As Obama continues to mull a possible military strike against Moscow’s ally in Damascus, a Russian military official told Interfax a Black Sea Fleet guided missile cruiser and anti-submarine ship from the Northern Fleet were being deployed in response to “the well-known situation now in the eastern Mediterranean.”
Already in those waters are four U.S. Navy Arleigh Burke-class guided missile destroyers, with a fifth on its way. Each is armed with dozens of Tomahawk missiles, whose 1,000-mile range would bring any target in Syria within reach without risking any retaliatory strikes. Syria’s Russian-supplied Yakhont anti-ship missile systems have a range of about 250 miles.
Interfax indicated that the Moskva may be one of the Russian ships headed for the area. The guided missile cruiser is the flagship of the Sevastopol-based Black Sea Fleet, and was deployed during the brief Russia-Georgia war in August 2008, during which Russia blockaded the former Soviet state’s ports.
The Russian news agency did not identify the second ship, but the Murmansk-based Northern Fleet boasts several anti-missile vessels, including the Vice-Admiral Kulakov, which conducted naval drills close to the Syrian coast in July 2012.
Shortly after the Interfax report appeared, a navy spokesman told the state-owned RIA Novosti agency that naval movements in the area were part of “a planned rotation.”
After the Soviet Union’s collapse Russia down its 5th Mediterranean Squadron, but it maintains a Soviet-era support facility at the Syrian port of Tartus. Last March the Defense Ministry announced plans to establish a permanent rapid-reaction force to defend Russia’s interests in the Mediterranean.
Russia has stymied Western efforts to respond to the Syrian civil war through the U.N. Security Council, and since last week’s chemical weapon attack near Damascus has repeatedly warned the U.S. and its allies not to take military action against President Bashar Assad’s regime. Russia disputes the Western charges that the regime carried out the chemical attack, instead backing Assad’s claim that opposition rebels were responsible.
The Moscow Times on Thursday quoted Russian military expert Alexander Khramchikhin as saying the decision to increase its naval presence in the area was “psychological” and that Russia was not expected to go further. An actual military confrontation between Russian and Western forces was “exceedingly unlikely.”
“We do not intend to fight with anyone,” Russian Foreign Minister Sergei Lavrov told a press conference early this week.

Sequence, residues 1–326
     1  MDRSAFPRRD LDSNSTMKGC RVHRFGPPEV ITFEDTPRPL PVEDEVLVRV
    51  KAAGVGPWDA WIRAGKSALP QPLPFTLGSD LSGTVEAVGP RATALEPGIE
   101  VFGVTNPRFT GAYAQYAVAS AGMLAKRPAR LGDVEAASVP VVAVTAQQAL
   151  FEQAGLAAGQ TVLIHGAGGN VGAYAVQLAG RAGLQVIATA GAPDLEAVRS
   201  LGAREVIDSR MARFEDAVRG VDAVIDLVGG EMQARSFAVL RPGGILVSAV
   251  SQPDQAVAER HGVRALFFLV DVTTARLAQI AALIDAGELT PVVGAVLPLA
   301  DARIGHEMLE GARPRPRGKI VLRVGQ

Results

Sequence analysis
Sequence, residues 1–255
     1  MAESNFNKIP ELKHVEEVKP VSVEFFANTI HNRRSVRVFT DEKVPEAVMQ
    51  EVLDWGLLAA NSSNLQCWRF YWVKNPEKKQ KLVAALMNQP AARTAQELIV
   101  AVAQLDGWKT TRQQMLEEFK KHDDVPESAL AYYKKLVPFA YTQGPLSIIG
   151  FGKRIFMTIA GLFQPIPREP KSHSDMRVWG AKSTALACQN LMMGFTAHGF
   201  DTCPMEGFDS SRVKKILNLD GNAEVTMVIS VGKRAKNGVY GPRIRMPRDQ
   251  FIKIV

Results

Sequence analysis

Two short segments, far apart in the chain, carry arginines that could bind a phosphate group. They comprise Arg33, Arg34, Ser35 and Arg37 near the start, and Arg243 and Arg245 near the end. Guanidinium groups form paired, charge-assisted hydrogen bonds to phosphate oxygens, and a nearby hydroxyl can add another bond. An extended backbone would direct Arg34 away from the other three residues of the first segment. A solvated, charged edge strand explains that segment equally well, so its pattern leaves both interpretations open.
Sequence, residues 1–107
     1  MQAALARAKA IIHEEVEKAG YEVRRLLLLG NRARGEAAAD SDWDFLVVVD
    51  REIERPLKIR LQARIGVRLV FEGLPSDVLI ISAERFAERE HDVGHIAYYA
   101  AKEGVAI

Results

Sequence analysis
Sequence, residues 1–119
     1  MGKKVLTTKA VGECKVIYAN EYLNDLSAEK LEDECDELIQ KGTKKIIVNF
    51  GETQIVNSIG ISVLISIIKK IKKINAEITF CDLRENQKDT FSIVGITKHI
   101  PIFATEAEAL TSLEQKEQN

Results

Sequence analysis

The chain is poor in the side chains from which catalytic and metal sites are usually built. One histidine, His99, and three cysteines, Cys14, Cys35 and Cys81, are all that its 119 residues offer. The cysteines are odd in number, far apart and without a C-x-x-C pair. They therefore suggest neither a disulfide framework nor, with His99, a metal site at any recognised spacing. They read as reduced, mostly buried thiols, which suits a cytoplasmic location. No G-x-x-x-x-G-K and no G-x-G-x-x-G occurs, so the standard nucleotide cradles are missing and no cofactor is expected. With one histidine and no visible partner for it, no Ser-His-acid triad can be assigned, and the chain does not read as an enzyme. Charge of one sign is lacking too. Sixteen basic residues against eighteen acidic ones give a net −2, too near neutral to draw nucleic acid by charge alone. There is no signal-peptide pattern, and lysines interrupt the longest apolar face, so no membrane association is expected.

The White House earlier this month already canceled a planned Obama-Putin one-on-one on the G20 sidelines, citing a lack of progress in the areas of missile defense and arms control, and Russia’s decision to grant temporary asylum to former intelligence analyst Edward Snowden.
For many months the Obama administration has maintained that the U.S. and Russia have “common interests” in seeing a resolution to the Syria conflict, including regional stability. Yet Moscow’s approach to the crisis has repeatedly called into question the notion that it shares Washington’s Middle East objectives.
By siding with Assad – and with Assad’s “axis of resistance” allies Iran and Hezbollah – Putin has placed Russia at odds not just with the U.S. but also with Turkey and virtually every Arab government.
Russia insists that any action on Syria should be authorized by the U.N. Security Council, but it has used its veto there to kill three Western-introduced resolutions since the civil war began in 2011.
Russia incidentally did not seek a Security Council green light before invading aspiring NATO member Georgia in 2008, after the Georgian government tried to rein in two pro-Moscow separatist regions.
That crisis drove Russia’s relations with the West, already strained over NATO enlargement and U.S. missile defense plans for central Europe, to their lowest point since the end of the Cold War.
But Obama in 2009 pledged to “reset” relations with Moscow, and at his first meeting with then-President Dmitry Medvedev, the two in a joint statement reaffirmed that “the era when our countries viewed each other as enemies is long over.”
But despite some progress in nuclear reduction under the 2010 New START treaty, Washington’s approval the following year of Russia’s accession to the World Trade Organization, Obama’s adjustments to the European missile defense proposals, and the granting of permanent normal trade relations last year, ties have cooled significantly, especially since Putin’s return to the Kremlin 15 months ago.
Republican presidential hopeful Mitt Romney was derided by political opponents last year for describing Russia as America’s “number one geopolitical foe,” but subsequent developments lent some support for his assertion.
Tensions arose over U.S. legislation targeting Russian human rights violators, Moscow’s refusal to support a strengthening of earlier U.N. sanctions against Iran, U.S. criticism of repressive domestic policies in Russia, the Snowden affair, and deepening disagreements over Syria – especially since last week’s deadly chemical attack.
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